Featured Research

from universities, journals, and other organizations

Low-carb Diet Reduces Inflammation And Blood Saturated Fat In Metabolic Syndrome

Date:
December 4, 2007
Source:
Suny Downstate Medical Center
Summary:
Metabolic syndrome is a precursor to diabetes, coronary heart disease, and other serious illnesses. Patients have long been advised to eat a low-fat diet even though carbohydrate restriction has been found to be more effective at reducing specific markers, such as high triglycerides. A new study indicates that a diet low in carbohydrates is also more effective than a diet low in fat in reducing saturated fatty acids in the blood and reducing markers of inflammation.

Metabolic syndrome is a condition afflicting one quarter to one third of adult men and women and is an established pre-cursor to diabetes, coronary heart disease, and other serious illnesses. Patients have long been advised to eat a low-fat diet even though carbohydrate restriction has been found to be more effective at reducing specific markers, such as high triglycerides, characteristic of the syndrome. Now, a new study indicates that a diet low in carbohydrates is also more effective than a diet low in fat in reducing saturated fatty acids in the blood and reducing markers of inflammation.

Related Articles


While there have been contradictory and confusing messages directed at health conscious consumers about dietary recommendations, most researchers agree on the need to limit inflammatory agents. In a report published in the on-line version of the journal Lipids, researchers at the University of Connecticut with co-authors from SUNY Downstate Medical Center in Brooklyn, the University of Minnesota, and the University of California show much greater improvement in inflammatory markers in patients with metabolic syndrome on a very low carbohydrate approach compared to a low fat diet.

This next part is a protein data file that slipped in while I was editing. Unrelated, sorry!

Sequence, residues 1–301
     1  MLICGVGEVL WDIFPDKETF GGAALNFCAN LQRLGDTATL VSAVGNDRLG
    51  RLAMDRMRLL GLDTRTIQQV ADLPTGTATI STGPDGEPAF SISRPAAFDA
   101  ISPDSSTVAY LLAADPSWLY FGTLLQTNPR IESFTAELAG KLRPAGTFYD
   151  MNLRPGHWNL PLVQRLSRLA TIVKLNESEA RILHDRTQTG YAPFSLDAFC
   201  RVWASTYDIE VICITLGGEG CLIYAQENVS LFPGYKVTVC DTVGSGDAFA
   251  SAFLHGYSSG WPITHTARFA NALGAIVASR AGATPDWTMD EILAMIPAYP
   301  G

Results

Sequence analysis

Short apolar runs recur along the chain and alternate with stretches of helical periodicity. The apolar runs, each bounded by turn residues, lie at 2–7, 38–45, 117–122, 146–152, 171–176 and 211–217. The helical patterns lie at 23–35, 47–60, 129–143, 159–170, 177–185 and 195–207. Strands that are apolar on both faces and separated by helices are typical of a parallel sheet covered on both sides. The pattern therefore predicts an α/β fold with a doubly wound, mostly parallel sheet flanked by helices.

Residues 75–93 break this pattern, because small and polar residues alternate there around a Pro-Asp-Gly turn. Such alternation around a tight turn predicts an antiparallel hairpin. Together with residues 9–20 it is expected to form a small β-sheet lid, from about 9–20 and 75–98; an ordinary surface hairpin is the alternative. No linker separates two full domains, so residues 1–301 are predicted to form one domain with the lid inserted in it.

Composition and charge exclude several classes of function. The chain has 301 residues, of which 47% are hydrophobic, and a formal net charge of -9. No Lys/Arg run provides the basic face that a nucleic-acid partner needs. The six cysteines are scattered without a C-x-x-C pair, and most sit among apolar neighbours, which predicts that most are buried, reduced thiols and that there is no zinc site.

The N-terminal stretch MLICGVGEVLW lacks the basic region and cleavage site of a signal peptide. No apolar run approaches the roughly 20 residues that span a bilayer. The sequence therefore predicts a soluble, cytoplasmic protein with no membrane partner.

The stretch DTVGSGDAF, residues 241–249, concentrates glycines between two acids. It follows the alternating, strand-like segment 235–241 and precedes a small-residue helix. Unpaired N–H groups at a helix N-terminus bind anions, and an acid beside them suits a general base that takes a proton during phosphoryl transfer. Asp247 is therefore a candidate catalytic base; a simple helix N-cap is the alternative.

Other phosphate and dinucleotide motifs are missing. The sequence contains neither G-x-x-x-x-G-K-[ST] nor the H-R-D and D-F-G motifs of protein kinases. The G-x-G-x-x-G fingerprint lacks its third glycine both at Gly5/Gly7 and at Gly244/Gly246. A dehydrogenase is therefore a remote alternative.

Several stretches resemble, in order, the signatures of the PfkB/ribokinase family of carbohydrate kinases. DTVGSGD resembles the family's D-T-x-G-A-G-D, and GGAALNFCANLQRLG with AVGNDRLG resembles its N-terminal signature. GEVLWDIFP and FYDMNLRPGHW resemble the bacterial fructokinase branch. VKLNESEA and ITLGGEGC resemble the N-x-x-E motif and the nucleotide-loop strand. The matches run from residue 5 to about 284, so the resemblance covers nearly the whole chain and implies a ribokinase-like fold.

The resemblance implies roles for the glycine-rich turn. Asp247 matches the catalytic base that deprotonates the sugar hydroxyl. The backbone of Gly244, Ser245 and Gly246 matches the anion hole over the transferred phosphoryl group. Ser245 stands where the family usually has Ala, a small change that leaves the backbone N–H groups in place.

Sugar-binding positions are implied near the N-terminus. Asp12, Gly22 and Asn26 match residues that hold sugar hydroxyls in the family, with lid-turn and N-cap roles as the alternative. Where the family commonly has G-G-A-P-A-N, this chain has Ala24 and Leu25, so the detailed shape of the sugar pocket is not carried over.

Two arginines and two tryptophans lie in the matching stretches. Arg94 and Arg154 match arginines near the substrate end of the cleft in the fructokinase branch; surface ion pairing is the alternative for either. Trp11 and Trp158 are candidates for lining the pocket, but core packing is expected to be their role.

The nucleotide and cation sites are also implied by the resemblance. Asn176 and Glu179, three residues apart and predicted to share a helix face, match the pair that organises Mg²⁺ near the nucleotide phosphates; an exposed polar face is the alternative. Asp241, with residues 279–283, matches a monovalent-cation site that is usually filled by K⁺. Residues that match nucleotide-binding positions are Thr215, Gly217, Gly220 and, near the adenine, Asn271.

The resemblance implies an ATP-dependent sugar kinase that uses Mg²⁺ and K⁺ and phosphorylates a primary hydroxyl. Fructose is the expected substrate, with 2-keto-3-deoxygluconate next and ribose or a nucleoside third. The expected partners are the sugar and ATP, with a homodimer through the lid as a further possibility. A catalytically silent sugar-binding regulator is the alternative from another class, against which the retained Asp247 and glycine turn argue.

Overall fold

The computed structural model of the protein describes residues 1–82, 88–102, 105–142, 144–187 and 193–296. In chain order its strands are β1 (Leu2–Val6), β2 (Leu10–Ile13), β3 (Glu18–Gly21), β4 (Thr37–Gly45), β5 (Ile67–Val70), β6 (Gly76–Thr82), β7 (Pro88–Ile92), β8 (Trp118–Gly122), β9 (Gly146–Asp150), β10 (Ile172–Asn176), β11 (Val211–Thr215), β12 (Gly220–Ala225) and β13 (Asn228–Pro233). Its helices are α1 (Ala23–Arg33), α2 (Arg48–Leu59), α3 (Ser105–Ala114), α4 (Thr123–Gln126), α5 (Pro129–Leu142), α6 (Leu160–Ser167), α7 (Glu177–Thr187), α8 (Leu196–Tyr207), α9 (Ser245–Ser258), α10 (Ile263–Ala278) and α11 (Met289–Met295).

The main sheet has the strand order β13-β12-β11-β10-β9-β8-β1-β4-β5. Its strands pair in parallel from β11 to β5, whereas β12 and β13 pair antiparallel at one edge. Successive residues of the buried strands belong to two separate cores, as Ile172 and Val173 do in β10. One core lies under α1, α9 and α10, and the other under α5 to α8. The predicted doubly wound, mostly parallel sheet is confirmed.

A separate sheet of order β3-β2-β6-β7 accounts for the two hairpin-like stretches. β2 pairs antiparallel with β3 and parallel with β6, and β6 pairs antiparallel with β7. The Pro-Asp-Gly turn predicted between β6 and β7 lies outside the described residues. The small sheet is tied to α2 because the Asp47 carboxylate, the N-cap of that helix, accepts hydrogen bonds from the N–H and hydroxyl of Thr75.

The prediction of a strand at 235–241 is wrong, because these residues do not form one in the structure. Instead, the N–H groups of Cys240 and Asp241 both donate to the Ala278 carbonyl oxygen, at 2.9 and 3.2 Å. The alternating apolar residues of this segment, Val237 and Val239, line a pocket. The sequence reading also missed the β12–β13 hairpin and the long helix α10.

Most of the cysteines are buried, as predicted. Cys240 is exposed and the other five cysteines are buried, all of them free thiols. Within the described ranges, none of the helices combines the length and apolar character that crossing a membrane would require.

Lead researcher Jeff S. Volek, PhD, RD, associate professor of kinesiology at the University of Connecticut, describes the study as "adding to the evolving picture of improvement in general health beyond simple weight loss in keeping blood glucose and insulin under control." The work is part of a larger study (currently under review) showing numerous improvements in blood lipids. The current work concludes that "lowering total and saturated fat only had a small effect on circulating inflammatory markers whereas reducing carbohydrate led to considerably greater reductions in a number of pro-inflammatory cytokines, chemokines, and adhesion molecules. These data implicate dietary carbohydrate rather than fat as a more significant nutritional factor contributing to inflammatory processes."

Richard Feinman, PhD, professor of biochemistry at SUNY Downstate Medical Center, adds, "The real importance of diets that lower carbohydrate content is that they are grounded in mechanism -- carbohydrates stimulate insulin secretion which biases fat metabolism towards storage rather than oxidation. The inflammation results open a new aspect of the problem. From a practical standpoint, continued demonstrations that carbohydrate restriction is more beneficial than low fat could be good news to those wishing to forestall or manage the diseases associated with metabolic syndrome."

One of the remarkable effects in the data presented that may have contributed to the results is that despite the three-fold greater saturated fat in the diet for the low carb group, saturated fat in the blood turned out to be higher in the low fat group due to the process known as carbohydrate-induced lipogenesis. Dr. Volek points out that "this clearly shows the limitations of the idea that 'you are what you eat.' Metabolism plays a big role. You are what your body does with what you eat."